As a career coach and host of the An Interview with Melissa Llarena podcast, Melissa Llarena T’10 is driven by helping marketers and creative professionals rediscover their sellable strengths.

Read More

Laura Ward T’89 Is Tackling the Mental Health Stigma

Armed with an MBA and an MPH, Laura Ward T’89 is building a more informed health care model for individuals with histories of trauma and abuse.

Read More

How to Create a Customer-First Culture

Alison Elworthy T’11, SVP of customer success at HubSpot, offers advice on how to put customers first—no matter the size of your organization.

Read More

Driven by Wanderlust: Peter Sisson T’94

For serial entrepreneur Peter Sisson T’94, life has been one big adventure.

Read More

How to Build Your Personal Leadership Style

Successful leaders develop their own authentic and personal leadership style, says long-time PetSmart CEO David Lenhardt T’96.

Read More

The Humble Leader

In 2015, Tuck alumna Aisha Barry decided to change the course of her career to help other people who felt immobilized by the health care system and a disease diagnosis.

Read More

Laura Scott

At Wayfair, Tuck alumna Laura Scott completely transformed the company’s operations. Now she’s dipping her toes into the startup world with Takeoff Tech.

Read More

International Development

As the vice president for Latin America and the Caribbean, Andrei Belyi T'01 leads TechnoServe’s mission of providing business solutions to poverty in 11 countries.

Read More

Work Hard, Dream Big

From Buffalo to the boardroom, Yancey Spruill T’97 has found the formula for success.

Read More

How to Keep Your Company Data Secure

What Alison Connolly T’11 finds fascinating, most corporate leaders find terrifying. The director of strategic partnerships at DarkOwl is an expert on the darknet.

Read More

Juliet Horton

With Everly, Juliet Horton T’14 is changing how couples plan their wedding

Read More

How to Make a Successful Startup Pitch

In her seven years as a venture partner at LaunchCapital in Cambridge, Mass., Heather Onstott T’07 has heard about 1,000 pitches from startups.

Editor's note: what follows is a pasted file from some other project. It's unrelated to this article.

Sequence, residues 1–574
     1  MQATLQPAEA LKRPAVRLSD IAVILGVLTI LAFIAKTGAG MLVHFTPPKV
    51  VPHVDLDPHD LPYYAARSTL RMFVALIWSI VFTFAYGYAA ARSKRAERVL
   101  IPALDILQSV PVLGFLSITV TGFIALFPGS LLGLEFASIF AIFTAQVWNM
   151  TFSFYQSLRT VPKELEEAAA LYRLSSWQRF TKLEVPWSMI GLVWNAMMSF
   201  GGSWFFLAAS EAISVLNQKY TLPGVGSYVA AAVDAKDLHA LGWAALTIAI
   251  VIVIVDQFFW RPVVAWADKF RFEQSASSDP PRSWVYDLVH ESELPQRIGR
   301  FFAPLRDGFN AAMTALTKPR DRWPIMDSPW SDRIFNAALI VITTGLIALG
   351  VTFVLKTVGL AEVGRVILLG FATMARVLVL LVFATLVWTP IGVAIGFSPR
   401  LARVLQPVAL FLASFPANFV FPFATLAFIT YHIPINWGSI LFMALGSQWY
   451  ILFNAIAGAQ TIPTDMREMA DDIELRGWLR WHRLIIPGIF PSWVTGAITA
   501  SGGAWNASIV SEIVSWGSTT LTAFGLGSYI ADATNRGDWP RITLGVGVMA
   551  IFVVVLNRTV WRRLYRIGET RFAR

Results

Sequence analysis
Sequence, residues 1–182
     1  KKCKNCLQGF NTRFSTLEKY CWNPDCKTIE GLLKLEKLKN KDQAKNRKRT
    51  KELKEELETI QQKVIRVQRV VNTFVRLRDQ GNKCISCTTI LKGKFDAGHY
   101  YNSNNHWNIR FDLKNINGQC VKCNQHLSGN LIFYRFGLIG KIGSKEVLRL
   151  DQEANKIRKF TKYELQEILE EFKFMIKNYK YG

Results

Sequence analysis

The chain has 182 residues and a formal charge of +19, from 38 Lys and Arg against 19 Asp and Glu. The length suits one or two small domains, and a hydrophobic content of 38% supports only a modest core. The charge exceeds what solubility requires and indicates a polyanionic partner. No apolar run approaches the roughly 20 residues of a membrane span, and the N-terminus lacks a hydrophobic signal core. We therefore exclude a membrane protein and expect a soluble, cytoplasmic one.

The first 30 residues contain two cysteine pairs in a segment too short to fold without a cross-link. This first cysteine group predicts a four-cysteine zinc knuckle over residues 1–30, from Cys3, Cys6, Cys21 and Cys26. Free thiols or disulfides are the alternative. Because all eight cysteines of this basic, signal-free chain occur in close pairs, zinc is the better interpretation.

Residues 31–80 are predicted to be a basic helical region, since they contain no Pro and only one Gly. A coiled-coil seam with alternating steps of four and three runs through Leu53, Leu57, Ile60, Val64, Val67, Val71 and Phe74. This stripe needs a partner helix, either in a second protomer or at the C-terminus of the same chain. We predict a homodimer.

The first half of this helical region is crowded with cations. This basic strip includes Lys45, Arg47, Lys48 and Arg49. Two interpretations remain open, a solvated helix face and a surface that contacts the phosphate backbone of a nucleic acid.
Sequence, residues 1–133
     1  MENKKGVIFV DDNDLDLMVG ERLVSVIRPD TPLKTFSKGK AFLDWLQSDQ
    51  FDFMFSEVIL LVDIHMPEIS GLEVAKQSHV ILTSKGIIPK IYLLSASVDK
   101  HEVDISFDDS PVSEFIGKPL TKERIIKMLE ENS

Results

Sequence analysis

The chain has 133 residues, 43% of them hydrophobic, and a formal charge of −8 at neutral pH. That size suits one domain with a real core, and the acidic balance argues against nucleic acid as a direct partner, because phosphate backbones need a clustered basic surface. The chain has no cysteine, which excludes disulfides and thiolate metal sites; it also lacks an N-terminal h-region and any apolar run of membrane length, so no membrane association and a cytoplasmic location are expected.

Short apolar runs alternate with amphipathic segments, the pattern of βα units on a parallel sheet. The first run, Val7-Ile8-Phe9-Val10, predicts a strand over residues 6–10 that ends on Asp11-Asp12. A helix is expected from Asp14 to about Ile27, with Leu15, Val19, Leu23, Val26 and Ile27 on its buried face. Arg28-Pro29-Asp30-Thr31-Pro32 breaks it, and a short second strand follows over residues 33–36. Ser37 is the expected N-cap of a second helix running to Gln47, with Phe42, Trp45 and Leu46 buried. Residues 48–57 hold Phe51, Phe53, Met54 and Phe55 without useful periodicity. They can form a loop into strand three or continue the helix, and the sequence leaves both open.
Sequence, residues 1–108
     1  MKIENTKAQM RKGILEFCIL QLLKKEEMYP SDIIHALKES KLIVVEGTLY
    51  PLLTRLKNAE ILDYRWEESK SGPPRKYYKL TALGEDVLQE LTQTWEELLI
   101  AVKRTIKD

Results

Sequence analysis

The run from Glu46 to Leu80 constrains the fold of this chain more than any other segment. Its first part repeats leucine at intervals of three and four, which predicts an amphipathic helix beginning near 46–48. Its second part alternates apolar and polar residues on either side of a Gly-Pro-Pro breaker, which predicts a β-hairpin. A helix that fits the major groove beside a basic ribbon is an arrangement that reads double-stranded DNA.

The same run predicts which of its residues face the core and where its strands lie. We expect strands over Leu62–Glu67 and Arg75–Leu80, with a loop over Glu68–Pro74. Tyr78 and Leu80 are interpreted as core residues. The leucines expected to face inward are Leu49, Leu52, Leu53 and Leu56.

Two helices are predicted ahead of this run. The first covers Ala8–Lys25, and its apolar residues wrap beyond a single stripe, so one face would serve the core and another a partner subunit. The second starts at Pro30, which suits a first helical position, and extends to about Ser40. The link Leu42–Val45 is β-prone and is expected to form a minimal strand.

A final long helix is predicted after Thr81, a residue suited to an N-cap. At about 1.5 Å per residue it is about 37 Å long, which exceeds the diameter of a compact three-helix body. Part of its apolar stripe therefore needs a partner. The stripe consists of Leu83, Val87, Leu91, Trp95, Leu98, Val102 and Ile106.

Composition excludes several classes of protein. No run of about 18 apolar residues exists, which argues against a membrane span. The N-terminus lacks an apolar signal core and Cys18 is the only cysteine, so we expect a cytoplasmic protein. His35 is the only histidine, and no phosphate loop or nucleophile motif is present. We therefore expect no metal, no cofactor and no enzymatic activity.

Read More

Marketing a Disruptive Brand

Together, two Tuck alumni, Kate Jhaveri T’03 and Michael Aragon T’01, led marketing and innovation at the growing global brand Twitch.

Read More

Susan Hunt Stevens

In 2006 Susan Hunt Stevens T'98 started a blog as a "a guide to going green without going berserk." Years later the idea evolved into WeSpire, a platform that uses technology and social media to promote sustainable living.

Read More

Betsabeh Hermann

Before you know what she is, you first need to know what Betsabeh Hermann T’13 is not: She is not an astronaut. Or at least, not yet anyway.

Read More

Sprague Brodie

Sprague Brodie T’14 works in the heart of Silicon Valley at the sprawling Mountain View, California, campus of tech giant Google.

Read More

John Sory

In pioneering new health-care models emphasizing preventive care, John Sory T’93 overcame skepticism in the most direct way possible: He guaranteed better results.

Read More

Lea Tompsett

At Boston-based nonprofit Health Leads, Lea Tompsett T’06 is working with health care providers and social service agencies to ensure patients have access to basic necessities: food, transportation, housing.

Read More

How to Promote Diversity and Nurture Talent

After Tuck, Suzanne Schaefer T’02 went into management consulting, figuring that eventually she might connect with a particular industry—to her surprise, she instead felt a strong pull toward recruiting and talent development.

Read More

Duncan Reece

Duncan Reece T’08 was seven years into a career in finance when he realized he wanted to have a greater impact on the world around him. He found that connection in the health-care industry.

Read More

James “Jim” Lindstrom

Jim Lindstrom T’01 has a career of both investment and senior operational roles—a unique perspective to lead a multinational corporation in today’s dynamic environment.

Read More

Amrit Ray

Amrit Ray T’02 is working to improve compassionate access to investigational medicines and medicines for children—callings that combine his professional strengths with his personal convictions.

Read More

Torlisa Jeffrey

One size does not fit all—that’s the philosophy of Torlisa Jeffrey T'12 , a senior product manager for Williams Sonoma. 

Read More

Chris Weasler

As director of global connectivity for Facebook, Chris Weasler T'97 is helping to bring online the 60 percent of the earth's population currently without internet access.

Read More

Gibson “Gib” Biddle

NerdWallet's Gib Biddle T'91 came to Tuck as a marketer, but then realized he was more of a builder.

Read More

Chris O’Neill

Evernote CEO Chris O’Neill T’01 is helping the digital productivity and note-keeping company do more by focusing on what it does best.

Read More

Elisabeth Hartley

As head of strategy and product development for Beats Electronics, Elisabeth Hartley T'05 is on the cusp of creating what the future of music could look like.

Read More